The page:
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  • Ingredients
  • Gadgets
  • Recipe

Cocktail ingredients White lady

Ingredients
Triple sec liqueur0.75oz
Lemon juice0.75oz
Lemon zest1piece
Ice cubes7oz
Gadgets
Sour glass1piece
Shaker1piece
Strainer1piece
Jigger1piece
Squeezer1piece
Zest knife1piece

Cocktail rrecipe White lady

  • Pour 0.75 oz of lemon juice, 0.75 oz of triple sec and 1.5 oz of gin into a shaker
  • Fill the shaker with ice cubes and shake
  • Strain into a chilled sour glass
  • Garnish with lemon zest

Cocktail Legend White Lady

1921 | London, United Kingdom The "White Lady" is a type of rose discovered in China in the 19th century, as well as a famous Wilkie Collins detective novel and perhaps even an aristocrat in a wedding gown. Choose the one you like best. Before us is the official drink of two independently-famous bars - Paris' Harry's New York and London's American Bar at the Hotel Savoy. From the beginning, there were even two different recipes with a single name. The first appeared in Harry MacElhone's book in 1919 while he was still working at London's Ciros club. It featured brandy as well as light mint and orange liqueurs. Meanwhile, his colleague and namesake in the neighboring Savoy, Harry Craddock, offered his version of the cocktail several years later - with gin, orange liqueur and lemon juice. In 1929, having moved to Paris and taken command of Harry's New York Bar, MacElhone changed the recipe, and like his colleague, he used a base of gin - and the drinks became identical. After all, the...

1921 | London, United Kingdom The "White Lady" is a type of rose discovered in China in the 19th century, as well as a famous Wilkie Collins detective novel and perhaps even an aristocrat in a wedding gown. Choose the one you like best. Before us is the official drink of two independently-famous bars - Paris' Harry's New York and London's American Bar at the Hotel Savoy. From the beginning, there were even two different recipes with a single name. The first appeared in Harry MacElhone's book in 1919 while he was still working at London's Ciros club. It featured brandy as well as light mint and orange liqueurs. Meanwhile, his colleague and namesake in the neighboring Savoy, Harry Craddock, offered his version of the cocktail several years later - with gin, orange liqueur and lemon juice. In 1929, having moved to Paris and taken command of Harry's New York Bar, MacElhone changed the recipe, and like his colleague, he used a base of gin - and the drinks became identical. After all, the colorless London dry gin suits the name better than brandy. Regardless of the "feminine" name, the drink is fairly strong and more likely than not - masculine. It should be noted that Anthony Hogg placed this drink second in the "big seven" of cocktails in his book, "Cocktails and Mixed Drinks" - after the Martini.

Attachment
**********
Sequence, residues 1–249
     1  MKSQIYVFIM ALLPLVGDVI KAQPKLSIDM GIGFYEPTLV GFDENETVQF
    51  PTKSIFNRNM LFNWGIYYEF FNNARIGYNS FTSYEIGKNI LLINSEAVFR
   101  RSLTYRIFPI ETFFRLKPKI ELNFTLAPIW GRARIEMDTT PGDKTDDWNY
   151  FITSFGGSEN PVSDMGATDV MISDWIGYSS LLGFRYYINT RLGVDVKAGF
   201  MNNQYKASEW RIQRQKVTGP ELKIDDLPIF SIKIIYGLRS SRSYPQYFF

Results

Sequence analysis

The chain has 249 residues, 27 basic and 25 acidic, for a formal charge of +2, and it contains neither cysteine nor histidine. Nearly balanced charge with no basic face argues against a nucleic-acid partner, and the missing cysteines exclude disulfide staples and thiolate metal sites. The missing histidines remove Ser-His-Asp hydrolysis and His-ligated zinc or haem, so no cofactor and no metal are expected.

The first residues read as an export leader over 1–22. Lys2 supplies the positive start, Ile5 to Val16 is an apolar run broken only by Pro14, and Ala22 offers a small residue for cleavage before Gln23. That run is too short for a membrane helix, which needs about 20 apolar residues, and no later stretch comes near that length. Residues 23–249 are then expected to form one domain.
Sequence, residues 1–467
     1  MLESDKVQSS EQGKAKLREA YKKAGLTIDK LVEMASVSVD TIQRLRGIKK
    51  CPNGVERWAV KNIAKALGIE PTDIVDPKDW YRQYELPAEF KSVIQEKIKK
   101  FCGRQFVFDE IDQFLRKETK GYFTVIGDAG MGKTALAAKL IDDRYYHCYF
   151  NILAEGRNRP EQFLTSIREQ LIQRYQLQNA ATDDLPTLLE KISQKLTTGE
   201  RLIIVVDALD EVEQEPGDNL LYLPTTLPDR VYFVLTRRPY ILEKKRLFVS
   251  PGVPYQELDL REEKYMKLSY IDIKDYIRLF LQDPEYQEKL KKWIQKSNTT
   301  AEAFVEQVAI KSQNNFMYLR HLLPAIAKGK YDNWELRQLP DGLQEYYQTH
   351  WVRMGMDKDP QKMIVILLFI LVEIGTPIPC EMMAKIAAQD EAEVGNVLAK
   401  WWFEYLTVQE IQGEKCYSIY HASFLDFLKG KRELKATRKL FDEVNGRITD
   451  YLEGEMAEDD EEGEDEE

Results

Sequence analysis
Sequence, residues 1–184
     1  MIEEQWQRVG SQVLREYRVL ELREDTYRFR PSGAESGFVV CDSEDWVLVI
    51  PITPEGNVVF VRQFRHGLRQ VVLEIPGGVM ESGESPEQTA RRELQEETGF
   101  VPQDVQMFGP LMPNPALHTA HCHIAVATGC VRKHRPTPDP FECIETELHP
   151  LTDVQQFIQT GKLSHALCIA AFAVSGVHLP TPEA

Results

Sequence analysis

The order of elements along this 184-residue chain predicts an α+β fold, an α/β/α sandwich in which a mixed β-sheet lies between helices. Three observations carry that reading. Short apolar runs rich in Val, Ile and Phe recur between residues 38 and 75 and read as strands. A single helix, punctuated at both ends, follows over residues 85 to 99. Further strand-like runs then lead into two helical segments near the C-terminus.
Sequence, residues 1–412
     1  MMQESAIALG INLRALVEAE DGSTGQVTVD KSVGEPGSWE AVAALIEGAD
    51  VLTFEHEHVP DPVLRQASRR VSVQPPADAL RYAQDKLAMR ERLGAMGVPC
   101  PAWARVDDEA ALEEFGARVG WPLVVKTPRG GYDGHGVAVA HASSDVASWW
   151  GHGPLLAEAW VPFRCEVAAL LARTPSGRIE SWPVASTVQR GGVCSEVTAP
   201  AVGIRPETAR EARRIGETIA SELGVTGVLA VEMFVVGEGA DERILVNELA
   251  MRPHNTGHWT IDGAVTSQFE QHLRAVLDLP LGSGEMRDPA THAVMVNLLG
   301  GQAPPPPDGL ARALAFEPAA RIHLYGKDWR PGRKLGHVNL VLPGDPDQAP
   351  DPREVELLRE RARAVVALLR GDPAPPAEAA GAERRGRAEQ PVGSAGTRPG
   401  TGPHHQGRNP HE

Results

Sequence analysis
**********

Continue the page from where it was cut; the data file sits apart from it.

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Cocktail Legend White Lady

1921 | London, United Kingdom The "White Lady" is a type of rose discovered in China in the 19th century, as well as a famous Wilkie Collins detective novel and perhaps even an aristocrat in a wedding gown. Choose the one you like best. Before us is the official drink of two independently-famous bars - Paris' Harry's New York and London's American Bar at the Hotel Savoy. From the beginning, there were even two different recipes with a single name. The first appeared in Harry MacElhone's book in 1919 while he was still working at London's Ciros club. It featured brandy as well as light mint and orange liqueurs. Meanwhile, his colleague and namesake in the neighboring Savoy, Harry Craddock, offered his version of the cocktail several years later - with gin, orange liqueur and lemon juice. In 1929, having moved to Paris and taken command of Harry's New York Bar, MacElhone changed the recipe, and like his colleague, he used a base of gin - and the drinks became identical. After all, the colorless London dry gin suits the name better than brandy. Regardless of the "feminine" name, the drink is fairly strong and more likely than not - masculine. It should be noted that Anthony Hogg placed this drink second in the "big seven" of cocktails in his book, "Cocktails and Mixed Drinks" - after the Martini.

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